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I am looking for an operating system that was designed to run virtual machines.

My requirements:

  • Preferably some distro of Linux (ideally Debian-based, but doesn't matter)
  • Not be GPU intensive (I don't know if that is applicable, but I do know I don't have a GPU that would be useful for processing)
  • Be able to run with 16 GB RAM and a 3rd gen Intel i5 processor (about 3.2 GHz)

I am currently using Ubuntu Desktop 14.04 LTS, but I feel like there would be other solutions for running 4+ VMs without Unity.

EDIT: I want to solely host VMs, and don't necessarily need a full OS.

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    If it shouldn't do anything else but hosting the VMs, wouldn't a bare-bone Debian ("server install", w/o any graphical environment) do? VirtualBox as well as VMware can run "headless" (VirtualBox, VMWare), and there are "remote GUIs" available (for management etc: VirtualBox). That way, most of the precious RAM is available to the VMs themselves. – Izzy Dec 30 '15 at 22:11
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    What VM technology would you be using? This sounds like you're looking for VMWare ESX or Xen rather than a Linux distribution. If you really want a Linux distribution (because the host isn't there solely to host VMs) then you haven't really given us any criteria to choose from: GPU usage and processor support don't restrict the OS in any meaningful way. – Gilles 'SO- stop being evil' Dec 30 '15 at 22:35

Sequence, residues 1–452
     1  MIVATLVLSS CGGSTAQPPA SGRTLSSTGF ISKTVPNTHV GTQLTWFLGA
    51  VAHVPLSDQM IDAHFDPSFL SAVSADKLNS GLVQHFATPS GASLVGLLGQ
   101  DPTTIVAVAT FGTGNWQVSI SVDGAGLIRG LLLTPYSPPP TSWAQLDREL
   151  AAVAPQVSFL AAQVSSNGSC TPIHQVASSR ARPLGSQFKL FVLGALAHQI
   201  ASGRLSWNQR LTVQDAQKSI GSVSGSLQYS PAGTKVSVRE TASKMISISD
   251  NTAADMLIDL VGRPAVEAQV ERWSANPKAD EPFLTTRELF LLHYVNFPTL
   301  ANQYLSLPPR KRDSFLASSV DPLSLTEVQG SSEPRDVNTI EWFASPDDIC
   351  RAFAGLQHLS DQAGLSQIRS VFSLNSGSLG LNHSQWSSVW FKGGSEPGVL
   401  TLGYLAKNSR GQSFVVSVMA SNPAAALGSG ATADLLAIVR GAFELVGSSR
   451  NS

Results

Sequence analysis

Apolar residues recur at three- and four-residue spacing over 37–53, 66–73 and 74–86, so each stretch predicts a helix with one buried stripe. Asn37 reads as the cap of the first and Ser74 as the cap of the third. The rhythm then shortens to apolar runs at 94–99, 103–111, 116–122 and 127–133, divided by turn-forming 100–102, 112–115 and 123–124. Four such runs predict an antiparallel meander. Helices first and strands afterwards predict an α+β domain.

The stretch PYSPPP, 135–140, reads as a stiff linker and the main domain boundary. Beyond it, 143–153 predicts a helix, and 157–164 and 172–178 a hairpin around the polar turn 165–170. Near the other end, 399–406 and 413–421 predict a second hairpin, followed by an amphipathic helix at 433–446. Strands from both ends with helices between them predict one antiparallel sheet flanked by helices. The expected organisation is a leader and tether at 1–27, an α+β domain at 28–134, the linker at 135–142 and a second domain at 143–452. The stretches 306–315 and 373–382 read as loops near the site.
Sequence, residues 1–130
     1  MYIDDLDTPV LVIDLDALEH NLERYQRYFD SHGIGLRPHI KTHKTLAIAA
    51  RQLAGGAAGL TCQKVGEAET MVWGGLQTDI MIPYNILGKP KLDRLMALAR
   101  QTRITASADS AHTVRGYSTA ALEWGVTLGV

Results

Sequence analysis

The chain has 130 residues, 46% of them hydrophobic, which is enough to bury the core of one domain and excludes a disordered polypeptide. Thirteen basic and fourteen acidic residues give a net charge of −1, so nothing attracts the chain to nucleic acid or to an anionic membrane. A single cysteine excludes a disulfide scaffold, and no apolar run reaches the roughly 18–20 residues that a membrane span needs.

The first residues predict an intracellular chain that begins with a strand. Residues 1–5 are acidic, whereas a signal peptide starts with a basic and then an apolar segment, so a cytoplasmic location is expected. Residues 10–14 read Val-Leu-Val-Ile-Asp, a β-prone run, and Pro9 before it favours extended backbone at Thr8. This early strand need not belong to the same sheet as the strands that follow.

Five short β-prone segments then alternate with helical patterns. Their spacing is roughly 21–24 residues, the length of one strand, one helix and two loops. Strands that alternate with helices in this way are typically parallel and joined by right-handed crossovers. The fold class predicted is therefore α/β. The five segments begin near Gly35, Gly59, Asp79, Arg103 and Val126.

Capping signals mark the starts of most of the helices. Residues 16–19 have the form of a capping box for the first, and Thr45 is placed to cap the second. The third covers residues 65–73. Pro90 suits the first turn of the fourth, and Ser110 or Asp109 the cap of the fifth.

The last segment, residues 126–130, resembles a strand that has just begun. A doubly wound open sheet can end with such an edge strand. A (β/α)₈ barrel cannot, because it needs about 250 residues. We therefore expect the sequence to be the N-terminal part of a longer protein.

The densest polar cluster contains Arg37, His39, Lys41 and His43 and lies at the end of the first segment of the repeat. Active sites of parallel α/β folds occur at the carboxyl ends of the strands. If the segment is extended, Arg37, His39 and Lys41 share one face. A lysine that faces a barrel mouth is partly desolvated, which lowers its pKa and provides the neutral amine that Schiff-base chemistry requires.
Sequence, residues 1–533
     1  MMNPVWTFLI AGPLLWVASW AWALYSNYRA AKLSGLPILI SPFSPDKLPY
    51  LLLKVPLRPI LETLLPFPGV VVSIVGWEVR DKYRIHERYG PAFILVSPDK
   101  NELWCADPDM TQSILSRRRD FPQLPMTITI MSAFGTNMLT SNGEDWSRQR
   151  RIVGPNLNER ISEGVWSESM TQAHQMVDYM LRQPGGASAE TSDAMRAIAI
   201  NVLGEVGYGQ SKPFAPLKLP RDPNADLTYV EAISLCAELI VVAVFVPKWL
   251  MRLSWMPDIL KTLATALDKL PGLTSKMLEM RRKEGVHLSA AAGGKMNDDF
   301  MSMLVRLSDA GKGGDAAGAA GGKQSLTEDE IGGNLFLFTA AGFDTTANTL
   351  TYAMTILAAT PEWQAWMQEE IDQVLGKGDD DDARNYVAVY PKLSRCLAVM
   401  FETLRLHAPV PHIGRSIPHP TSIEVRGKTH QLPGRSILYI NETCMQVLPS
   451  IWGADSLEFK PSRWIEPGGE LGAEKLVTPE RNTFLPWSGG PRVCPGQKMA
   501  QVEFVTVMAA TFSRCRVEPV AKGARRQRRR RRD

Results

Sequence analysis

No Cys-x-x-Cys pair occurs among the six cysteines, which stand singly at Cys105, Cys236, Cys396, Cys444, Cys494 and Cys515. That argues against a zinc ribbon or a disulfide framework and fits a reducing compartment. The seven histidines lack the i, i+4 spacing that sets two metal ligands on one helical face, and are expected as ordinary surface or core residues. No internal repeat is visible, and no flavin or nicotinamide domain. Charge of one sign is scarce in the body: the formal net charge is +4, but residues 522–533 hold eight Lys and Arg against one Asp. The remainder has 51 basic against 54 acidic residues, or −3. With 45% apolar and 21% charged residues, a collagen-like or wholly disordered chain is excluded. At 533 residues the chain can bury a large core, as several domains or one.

• @Gilles I am looking for something to solely host VMs – captainGeech Dec 30 '15 at 22:45
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    @zwork from your description, the answer is almost "any Linux distri will do". Hence people start voting "too broad". – Izzy Dec 31 '15 at 0:54
  • VMware esxi for a complete solution. There is also KVM and 1 other choice I can't remember for running native in linux. – cybernard Dec 31 '15 at 2:35
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After doing some research, I am going to do a minimal Debian install, and then use headless VirtualBox + RemoteBox, as suggested by Izzy.

I decided to do this instead of VMWare ESX because I don't really have the hardware to run something like that, and I am comfortable using Debian and don't really want to learn something that complex right now. However, I may turn to that in the future.

Thank you for your suggestions!

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Containers

You may want to consider containers, as made famous by Docker, as an alternative to full virtual machines. Containers are a thinner lighter way to have multiple runtime environments for various software/app stacks.

Besides Linux, in BSD the same kind of technology is known as jails.

CoreOS is a minimal OS based on Linux kernel designed to be as stripped down as possible for the sole purpose of hosting containers.

Containers are still relatively new technology. Rapidly evolving now. But there are limitations and issues such as security concerns. Containers are rapidly growing in popularity for development but not as much for deployment until the issues get ironed out.

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